regulated levels. Among the possible corrective actions active filters are one of the most effective. Before taking any corrective action, it is necessary to evaluate the distortion introduced by the installation into the distribution network and the expected reduction when the active filter is in use. In this stage, simulation has been proved to be a useful tool. It allows to quantify the harmonic distortion created by a system and, when a corrective action is introduced, simulation will show the reduction in the distortion. Besides, simulation can be used as a tool for the design of the active filter. The work presented in this paper is based on the simulation of active filters for reducing harmonic distortion created by industrial loads. Simulations have been carried out under the MATLAB/Simulink environment and two examples of industrial harmonic polluting loads are presented: a steel plant and an underground traction system. In order to perform the harmonic analysis of the voltage and current signals present in the industrial systems, a Simulink block has been developed. This block calls an M-file that makes the required calculations and shows graphically the harmonic spectrum of the analysed signal (Fig. 1). The 1st harmonic is out of scale so that the rest of the harmonics can be visualized properly. The calculated values correspond to peak values.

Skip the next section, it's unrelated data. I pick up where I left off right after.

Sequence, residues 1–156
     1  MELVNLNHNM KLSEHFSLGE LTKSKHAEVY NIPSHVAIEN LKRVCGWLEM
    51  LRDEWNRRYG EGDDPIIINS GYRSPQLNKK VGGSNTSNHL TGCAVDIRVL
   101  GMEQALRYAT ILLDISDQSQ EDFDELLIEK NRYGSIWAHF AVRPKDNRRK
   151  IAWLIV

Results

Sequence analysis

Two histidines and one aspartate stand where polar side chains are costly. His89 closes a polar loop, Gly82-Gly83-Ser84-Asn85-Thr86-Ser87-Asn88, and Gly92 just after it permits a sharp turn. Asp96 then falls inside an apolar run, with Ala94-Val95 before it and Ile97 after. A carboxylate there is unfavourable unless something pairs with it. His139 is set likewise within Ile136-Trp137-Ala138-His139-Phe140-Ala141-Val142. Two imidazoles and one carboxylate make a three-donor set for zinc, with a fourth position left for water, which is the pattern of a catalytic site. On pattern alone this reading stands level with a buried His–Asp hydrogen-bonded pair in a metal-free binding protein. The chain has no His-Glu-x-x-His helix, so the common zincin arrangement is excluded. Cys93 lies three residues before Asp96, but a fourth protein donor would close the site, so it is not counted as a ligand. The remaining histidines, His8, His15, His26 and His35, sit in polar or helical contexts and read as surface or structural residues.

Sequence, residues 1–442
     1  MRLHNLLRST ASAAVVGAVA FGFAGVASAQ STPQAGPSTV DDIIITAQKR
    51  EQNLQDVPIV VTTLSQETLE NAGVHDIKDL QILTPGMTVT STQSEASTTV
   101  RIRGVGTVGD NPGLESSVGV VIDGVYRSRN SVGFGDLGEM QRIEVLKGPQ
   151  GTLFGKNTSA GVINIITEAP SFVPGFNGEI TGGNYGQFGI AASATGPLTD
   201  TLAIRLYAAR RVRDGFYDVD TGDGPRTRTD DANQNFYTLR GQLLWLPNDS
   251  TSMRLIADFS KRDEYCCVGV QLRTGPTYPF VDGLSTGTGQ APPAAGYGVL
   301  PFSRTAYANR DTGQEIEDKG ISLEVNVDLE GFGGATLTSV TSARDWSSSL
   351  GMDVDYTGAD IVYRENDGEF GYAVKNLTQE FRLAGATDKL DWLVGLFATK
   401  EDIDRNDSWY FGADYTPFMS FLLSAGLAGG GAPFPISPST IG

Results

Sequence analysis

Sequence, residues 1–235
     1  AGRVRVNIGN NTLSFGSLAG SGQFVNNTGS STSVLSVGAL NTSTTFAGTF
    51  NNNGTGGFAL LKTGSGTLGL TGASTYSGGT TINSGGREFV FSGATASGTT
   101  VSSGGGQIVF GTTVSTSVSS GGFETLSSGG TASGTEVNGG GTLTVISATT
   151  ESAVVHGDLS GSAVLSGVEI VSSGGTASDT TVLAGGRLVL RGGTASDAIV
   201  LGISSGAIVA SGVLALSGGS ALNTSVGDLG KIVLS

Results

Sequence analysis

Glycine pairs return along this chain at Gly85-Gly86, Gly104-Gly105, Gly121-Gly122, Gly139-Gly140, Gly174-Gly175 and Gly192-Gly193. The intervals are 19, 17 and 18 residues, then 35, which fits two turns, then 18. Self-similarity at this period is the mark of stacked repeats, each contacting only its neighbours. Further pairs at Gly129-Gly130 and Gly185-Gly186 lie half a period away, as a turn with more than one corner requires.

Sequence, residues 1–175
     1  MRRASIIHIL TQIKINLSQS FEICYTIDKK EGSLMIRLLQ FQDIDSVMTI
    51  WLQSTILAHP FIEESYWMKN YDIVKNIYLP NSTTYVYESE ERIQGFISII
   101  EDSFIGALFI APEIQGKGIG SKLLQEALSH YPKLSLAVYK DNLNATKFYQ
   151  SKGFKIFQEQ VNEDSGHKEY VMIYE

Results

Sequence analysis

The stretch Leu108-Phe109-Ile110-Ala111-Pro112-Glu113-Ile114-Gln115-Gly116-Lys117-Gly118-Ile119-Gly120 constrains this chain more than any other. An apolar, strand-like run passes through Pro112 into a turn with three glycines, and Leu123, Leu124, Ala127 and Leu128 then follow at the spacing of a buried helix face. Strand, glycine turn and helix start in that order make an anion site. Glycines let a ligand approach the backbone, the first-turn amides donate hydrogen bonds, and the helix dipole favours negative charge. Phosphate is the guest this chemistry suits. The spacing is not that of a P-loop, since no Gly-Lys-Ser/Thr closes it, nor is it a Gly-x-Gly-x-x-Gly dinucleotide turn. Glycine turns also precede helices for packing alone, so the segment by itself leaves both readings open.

I. Zamora is with Department of Electrical Engineering-ESI of Bilbao, University of the Basque Country, Spain (e-mail: iepzabei@bi.ehu.es). A. J. Mazón is with Department of Electrical Engineering-ESI of Bilbao, University of the Basque Country, Spain (e-mail: iepmasaj@bi.ehu.es). P. Eguia is with Department of Electrical Engineering-ESI of Bilbao, University of the Basque Country, Spain (e-mail: iepeglop@bi.ehu.es). I. Albizu is with Department of Electrical Engineering-ESI of Bilbao, University of the Basque Country, Spain (e-mail: iepalfli@bi.ehu.es). J.K. Sagastabeitia is with Dep. of Electrical Engineering-EUITI of Bilbao, University of the Basque Country, Spain (e-mail: iepsabuk@lg.ehu.es). E. Fernández is with Department of Electrical Engineering-ESI of Bilbao, University of the Basque Country, Spain (e-mail: iepfehee@bi.ehu.es).